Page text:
Sea, Sun, and Starry Nights: Camping at Texas Beaches
The beaches and barrier islands of the Texas coast have provided me a lifetime of camping adventures. With options for RV, sheltered, and primitive sites, the cities along the shoreline offer beaches that are ideal for fishing, swimming, kite surfing, kayaking, bird-watching, and ultimately, wave upon wave of family fun.
From family RV trips and pop-up campers to backpacking down a primitive beach, tent and rations strapped to my back, I’ve done it all on various coastlines around the country. For beauty, friendliness, variety, and accessibility, however, my preferred spots are still along the Texas Gulf Coast.
The Upper Coast
While the entire Texas coastline is a beach lover’s dream, the section from the Louisiana border south to Matagorda Bay is an easy drive from Houston, which makes it ideal for Houstonians like us to make spontaneous weekend trips.
Since we’ve taken up bird-watching, Sea Rim State Park in Port Arthur—with 4,000 acres of marshland adjacent to the beach—has become a favorite roost for us. We’ve camped on the beach there before, but on our last visit we arrived early enough to get one of the 15 campsites with utilities.
After beachcombing and bodysurfing, we grabbed our binoculars and took a short stroll to the Gambusia Marsh Boardwalk, an ideal viewing platform for wildlife. In the marsh, we saw a rabbit and a river otter, and—because Texas is in the Central Flyway for migratory birds—we were able to spot a snowy egret, a great blue heron, and a flock of pink-plumed roseate spoonbills.
Intrigued by the amount of wildlife we’d seen, we rented kayaks the next day and—using the trail map we picked up at the park headquarters—embarked on what was deemed the Moderate Trail, a 4.5-mile paddle up through the marsh and around a small lake. Again, the bird-watching was phenomenal. We saw several cattle egrets, a white ibis, two double-breasted cormorants, and both a blue- and a green-winged teal.
Time flew by, and an opportunity for another beach trip presented itself. Friends who’d just bought a new Airstream invited us on the inaugural venture, and I suggested Matagorda Bay. Less than two hours south of Houston, it is one of the prettiest and most welcoming beach cities on the coast. As a campsite, we chose the RV facility at Matagorda Bay Nature Park, operated by the Lower Colorado River Authority (LCRA).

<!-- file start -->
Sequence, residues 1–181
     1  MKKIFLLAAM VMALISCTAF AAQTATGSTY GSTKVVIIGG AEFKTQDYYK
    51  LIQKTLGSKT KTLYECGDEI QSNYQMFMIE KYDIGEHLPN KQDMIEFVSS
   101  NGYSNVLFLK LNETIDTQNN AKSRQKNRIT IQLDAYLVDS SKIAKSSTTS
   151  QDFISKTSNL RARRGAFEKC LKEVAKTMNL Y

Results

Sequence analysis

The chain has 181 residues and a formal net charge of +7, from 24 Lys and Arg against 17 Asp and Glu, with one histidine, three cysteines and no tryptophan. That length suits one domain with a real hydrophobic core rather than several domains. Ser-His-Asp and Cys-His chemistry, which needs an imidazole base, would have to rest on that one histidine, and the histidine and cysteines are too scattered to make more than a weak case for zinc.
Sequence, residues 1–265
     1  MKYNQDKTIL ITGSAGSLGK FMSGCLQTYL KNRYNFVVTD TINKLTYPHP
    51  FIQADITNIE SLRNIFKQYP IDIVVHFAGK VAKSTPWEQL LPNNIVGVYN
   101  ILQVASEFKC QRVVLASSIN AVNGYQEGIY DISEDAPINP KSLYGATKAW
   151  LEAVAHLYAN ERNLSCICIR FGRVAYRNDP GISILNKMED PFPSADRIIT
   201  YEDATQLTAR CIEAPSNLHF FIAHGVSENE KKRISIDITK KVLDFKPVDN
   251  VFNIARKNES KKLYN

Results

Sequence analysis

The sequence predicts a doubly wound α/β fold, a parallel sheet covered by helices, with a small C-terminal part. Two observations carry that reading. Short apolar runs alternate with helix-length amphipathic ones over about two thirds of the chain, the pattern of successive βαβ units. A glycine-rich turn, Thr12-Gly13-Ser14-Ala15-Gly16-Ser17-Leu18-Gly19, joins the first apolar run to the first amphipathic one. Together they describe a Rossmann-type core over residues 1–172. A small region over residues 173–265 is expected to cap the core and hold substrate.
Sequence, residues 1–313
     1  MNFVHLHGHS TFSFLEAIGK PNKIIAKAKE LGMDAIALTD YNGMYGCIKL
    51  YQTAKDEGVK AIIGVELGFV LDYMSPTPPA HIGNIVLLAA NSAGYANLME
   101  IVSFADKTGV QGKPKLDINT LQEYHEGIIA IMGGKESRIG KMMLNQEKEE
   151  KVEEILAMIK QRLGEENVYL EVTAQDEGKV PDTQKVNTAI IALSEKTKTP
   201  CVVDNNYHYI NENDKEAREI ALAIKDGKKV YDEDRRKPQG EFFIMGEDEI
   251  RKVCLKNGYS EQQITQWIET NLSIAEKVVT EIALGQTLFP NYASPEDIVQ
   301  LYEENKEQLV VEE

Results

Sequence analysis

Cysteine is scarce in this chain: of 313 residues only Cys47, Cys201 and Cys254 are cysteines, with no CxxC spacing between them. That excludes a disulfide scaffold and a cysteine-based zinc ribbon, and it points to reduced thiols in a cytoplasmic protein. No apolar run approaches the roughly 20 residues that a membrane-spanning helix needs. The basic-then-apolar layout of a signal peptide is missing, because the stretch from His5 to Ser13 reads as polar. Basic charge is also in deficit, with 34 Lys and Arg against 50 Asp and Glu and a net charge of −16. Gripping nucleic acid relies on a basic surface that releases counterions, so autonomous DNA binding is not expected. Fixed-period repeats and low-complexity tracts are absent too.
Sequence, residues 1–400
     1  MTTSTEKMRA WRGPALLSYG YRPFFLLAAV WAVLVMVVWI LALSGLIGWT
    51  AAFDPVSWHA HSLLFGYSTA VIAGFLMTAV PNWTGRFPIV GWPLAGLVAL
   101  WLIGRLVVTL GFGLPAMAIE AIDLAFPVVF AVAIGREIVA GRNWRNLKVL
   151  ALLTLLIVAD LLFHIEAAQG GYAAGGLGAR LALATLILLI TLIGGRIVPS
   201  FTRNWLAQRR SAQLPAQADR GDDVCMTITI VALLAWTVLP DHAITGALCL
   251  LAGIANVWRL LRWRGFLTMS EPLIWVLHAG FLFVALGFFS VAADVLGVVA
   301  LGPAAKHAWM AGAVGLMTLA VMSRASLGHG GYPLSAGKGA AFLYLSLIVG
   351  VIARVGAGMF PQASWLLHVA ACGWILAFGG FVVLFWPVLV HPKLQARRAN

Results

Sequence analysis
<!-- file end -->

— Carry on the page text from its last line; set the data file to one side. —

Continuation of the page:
There were pull-through sites with all the hookups, a small store, a kayak rental, a laundry room, and a centrally located bathroom and shower facility. Plus, the park offered the Tackle Loaner Program, which is like a library, except you borrow fishing equipment instead of books. With the fishing pier just a short walk away, we put angling on the agenda.
The beach side of Matagorda Bay is clean, usually not crowded, and ideal for collecting seashells. It’s a drive-on beach, so we found a spot that suited us and settled in for the day. The water was great for boogie boarding, and we saw a number of surfers trying their luck as well.
The next day we explored the nature park itself, renting kayaks from the campground and paddling into the area’s extensive wetlands. We kept an eye out for alligators while we caught sight of deer, river otters, and a peregrine falcon.
The last day brought our trip to the fishing pier. We were amazed at the variety of fish that we—and our fellow fisherfolk on the pier that day—were landing. Spotted trout, gray snapper, southern flounder, red and black drum, and crevalle jack all made an appearance. We didn’t have the energy to clean and cook it all ourselves, so we drove back up the road to the town of Matagorda and had a seafood dinner at Spoonbills Restaurant.
The Barrier Islands
There are ten barrier islands along the Texas Coast from Galveston to South Padre Island, most of them flat, sandy, and perfect for camping. Padre Island National Seashore is the longest stretch of undeveloped barrier island in the world, a nesting ground for the endangered Kemp’s Ridley sea turtle, and our choice for a long Easter weekend trip.
There were RV hookups, restrooms, and cold-water showers available at the Malaquite Visitor Center at the north end of the island, and it looked like a popular spot for families. On our quest for solitude, however, we drove down to South Beach, a 60-mile stretch that’s open to primitive camping.
While there, we went wade fishing and caught two redfish, a black drum, and a pompano. Per park rules, we dug a pit in the sand that night and built a fire to cook our catch. The next morning we saw windsurfers skimming across the water. Later we went for a swim and then had a sandcastle-building contest that I let my husband win.
That’s pretty much how the trip went. No planned activities, no schedules, and best of all, no stress. Every day we took long walks along the flats, spotting butterflies, squirrels, and coyotes, along with flocks and flocks of birds. Every night we had dinner under a blanket of brilliant stars.
Several ancient arrowheads and hand axes have been found along the shores of Texas’ barrier islands, relics of the Comanche and Karankawa Indian tribes who lived there 5,000 years ago. Adding to that ancient treasure is a cache of 16th-century coins, bottles, and a pistol that washed ashore from the wreck of a Spanish galleon along the Texas coast.